The Best Costume Design Academy Award is given out to films that represent the greatest achievement in conceptualizing, designing and then creating film costumes. (Costume designers must have conceived of the designs themselves in order to be considered eligible.) The award is often seen as singling out period films, or other movies with elaborate, fanciful clothing or obviously "other-worldly" visuals. Since 1967, only a handful of films set in "contemporary" times have won the award. However, each year, there are typically a few nominated films that are singled out for their attention to detail or creativity rather than just the scope of the costume department's efforts. The 2012 Costume Design nominees were announced on January 24, 2012.
The Best Costume Design Oscar was first presented at the 21st Academy Awards ceremony on March 24, 1949. At that time, two winners were selected - one for black-and-white filmmaking and the other for color. The first winners were Roger K. Furse for "Hamlet" (in the black-and-white category) and Dorothy Jenkins and Barbara Karinska for "Joan of Arc" (in the color category.) In 1957, the two categories were merged and Orry-Kelly won the very first overall "Best Costume Design" Oscar for her work in "Les Girls." From 1959 to 1967, the categories were again split for black-and-white and color until being merged permanently.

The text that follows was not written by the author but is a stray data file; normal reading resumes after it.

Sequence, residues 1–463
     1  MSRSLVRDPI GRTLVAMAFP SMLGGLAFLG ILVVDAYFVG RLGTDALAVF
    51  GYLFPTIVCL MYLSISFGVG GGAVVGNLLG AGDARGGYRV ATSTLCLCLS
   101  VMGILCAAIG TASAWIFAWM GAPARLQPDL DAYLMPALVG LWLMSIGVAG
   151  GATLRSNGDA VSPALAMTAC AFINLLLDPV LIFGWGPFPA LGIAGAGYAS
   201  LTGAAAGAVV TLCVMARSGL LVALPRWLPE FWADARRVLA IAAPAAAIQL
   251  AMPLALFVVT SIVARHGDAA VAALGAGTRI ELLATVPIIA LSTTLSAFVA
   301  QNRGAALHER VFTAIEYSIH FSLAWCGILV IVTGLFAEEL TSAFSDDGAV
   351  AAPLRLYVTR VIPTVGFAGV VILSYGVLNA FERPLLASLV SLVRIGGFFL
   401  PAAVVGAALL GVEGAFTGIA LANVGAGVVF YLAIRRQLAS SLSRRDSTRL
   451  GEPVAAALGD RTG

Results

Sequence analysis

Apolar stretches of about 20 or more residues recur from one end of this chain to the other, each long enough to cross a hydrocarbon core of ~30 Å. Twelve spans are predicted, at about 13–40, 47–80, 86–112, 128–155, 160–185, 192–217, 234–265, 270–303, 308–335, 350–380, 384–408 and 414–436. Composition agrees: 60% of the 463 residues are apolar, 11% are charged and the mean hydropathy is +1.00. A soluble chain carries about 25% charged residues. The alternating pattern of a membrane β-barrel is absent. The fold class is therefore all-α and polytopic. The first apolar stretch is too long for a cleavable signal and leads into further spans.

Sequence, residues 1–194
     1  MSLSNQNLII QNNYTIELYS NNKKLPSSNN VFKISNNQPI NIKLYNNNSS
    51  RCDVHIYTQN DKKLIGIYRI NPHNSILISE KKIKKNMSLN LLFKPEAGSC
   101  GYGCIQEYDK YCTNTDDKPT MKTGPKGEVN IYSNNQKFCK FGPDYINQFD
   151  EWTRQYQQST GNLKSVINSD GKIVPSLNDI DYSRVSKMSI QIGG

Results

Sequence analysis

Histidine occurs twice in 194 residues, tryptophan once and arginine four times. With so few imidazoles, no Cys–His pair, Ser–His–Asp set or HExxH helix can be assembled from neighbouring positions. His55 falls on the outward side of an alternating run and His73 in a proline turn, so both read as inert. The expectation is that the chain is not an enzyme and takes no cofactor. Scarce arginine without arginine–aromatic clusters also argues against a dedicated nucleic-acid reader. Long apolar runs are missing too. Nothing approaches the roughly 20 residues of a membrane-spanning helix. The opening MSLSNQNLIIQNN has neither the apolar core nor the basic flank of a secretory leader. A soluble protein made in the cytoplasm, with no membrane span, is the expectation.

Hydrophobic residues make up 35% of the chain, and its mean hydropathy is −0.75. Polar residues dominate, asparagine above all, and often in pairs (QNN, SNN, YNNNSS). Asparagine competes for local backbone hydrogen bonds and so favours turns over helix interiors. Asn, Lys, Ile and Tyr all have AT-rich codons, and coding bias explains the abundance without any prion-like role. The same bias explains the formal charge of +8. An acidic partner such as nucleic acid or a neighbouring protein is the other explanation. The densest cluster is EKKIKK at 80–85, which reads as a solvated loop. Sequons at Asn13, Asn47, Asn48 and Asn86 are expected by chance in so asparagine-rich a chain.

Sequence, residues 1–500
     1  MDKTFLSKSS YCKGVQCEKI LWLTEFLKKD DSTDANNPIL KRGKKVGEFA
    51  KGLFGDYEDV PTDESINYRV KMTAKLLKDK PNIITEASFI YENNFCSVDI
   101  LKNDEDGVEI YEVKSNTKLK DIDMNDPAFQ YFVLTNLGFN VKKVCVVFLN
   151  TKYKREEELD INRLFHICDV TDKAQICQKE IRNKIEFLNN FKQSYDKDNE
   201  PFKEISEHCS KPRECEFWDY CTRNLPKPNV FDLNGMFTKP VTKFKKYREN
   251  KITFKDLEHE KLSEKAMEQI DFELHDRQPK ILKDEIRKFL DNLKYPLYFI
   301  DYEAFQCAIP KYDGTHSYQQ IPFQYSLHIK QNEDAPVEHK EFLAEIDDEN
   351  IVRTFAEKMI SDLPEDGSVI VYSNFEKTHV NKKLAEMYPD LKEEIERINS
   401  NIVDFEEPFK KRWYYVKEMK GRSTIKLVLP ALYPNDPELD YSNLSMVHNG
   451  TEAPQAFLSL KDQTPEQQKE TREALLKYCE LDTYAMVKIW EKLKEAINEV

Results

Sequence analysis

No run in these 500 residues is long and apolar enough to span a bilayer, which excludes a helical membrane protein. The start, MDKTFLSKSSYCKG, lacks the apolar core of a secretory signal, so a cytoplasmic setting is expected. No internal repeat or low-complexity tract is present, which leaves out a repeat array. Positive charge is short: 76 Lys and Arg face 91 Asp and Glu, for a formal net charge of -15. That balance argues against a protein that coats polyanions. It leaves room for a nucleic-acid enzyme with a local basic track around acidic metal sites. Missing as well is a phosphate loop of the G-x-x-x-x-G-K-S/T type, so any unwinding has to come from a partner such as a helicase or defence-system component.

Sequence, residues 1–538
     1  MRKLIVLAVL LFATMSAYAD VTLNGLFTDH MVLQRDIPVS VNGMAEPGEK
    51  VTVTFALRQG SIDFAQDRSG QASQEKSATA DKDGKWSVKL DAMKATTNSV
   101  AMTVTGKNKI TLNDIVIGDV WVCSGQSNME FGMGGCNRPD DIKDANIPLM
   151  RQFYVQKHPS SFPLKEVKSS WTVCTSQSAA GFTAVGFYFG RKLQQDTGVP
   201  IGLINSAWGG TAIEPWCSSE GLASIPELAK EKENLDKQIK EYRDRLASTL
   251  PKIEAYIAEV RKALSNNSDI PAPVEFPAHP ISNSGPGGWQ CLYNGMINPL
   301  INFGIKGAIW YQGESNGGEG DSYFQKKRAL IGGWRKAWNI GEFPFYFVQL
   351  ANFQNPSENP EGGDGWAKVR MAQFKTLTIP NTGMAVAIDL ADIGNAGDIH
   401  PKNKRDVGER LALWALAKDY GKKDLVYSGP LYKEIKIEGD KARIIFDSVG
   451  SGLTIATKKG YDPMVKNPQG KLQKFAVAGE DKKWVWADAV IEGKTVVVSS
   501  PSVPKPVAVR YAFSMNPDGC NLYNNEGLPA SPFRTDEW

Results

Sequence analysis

The legendary Edith Head is the winningest costume designer in the history of the category. She was nominated in the Best Costume Design category a staggering 38 awards and won a record-shattering 8 times. (Sandy Powell, Colleen Atwood and James Acheson are tied for second place, with 3 Academy Awards each.) Head's last win came in 1973 for "The Sting," and she was last nominated in 1977 for her work on "Airport '77." (The Oscar that year went to John Mollo for "Star Wars.")The 2010 Costume Design Oscar went to Colleen Atwood (her third win) for Tim Burton's "Alice in Wonderland." Early favorites for 2011 include the period pieces "The Help," "Hugo," "The Artist" and "Jane Eyre."
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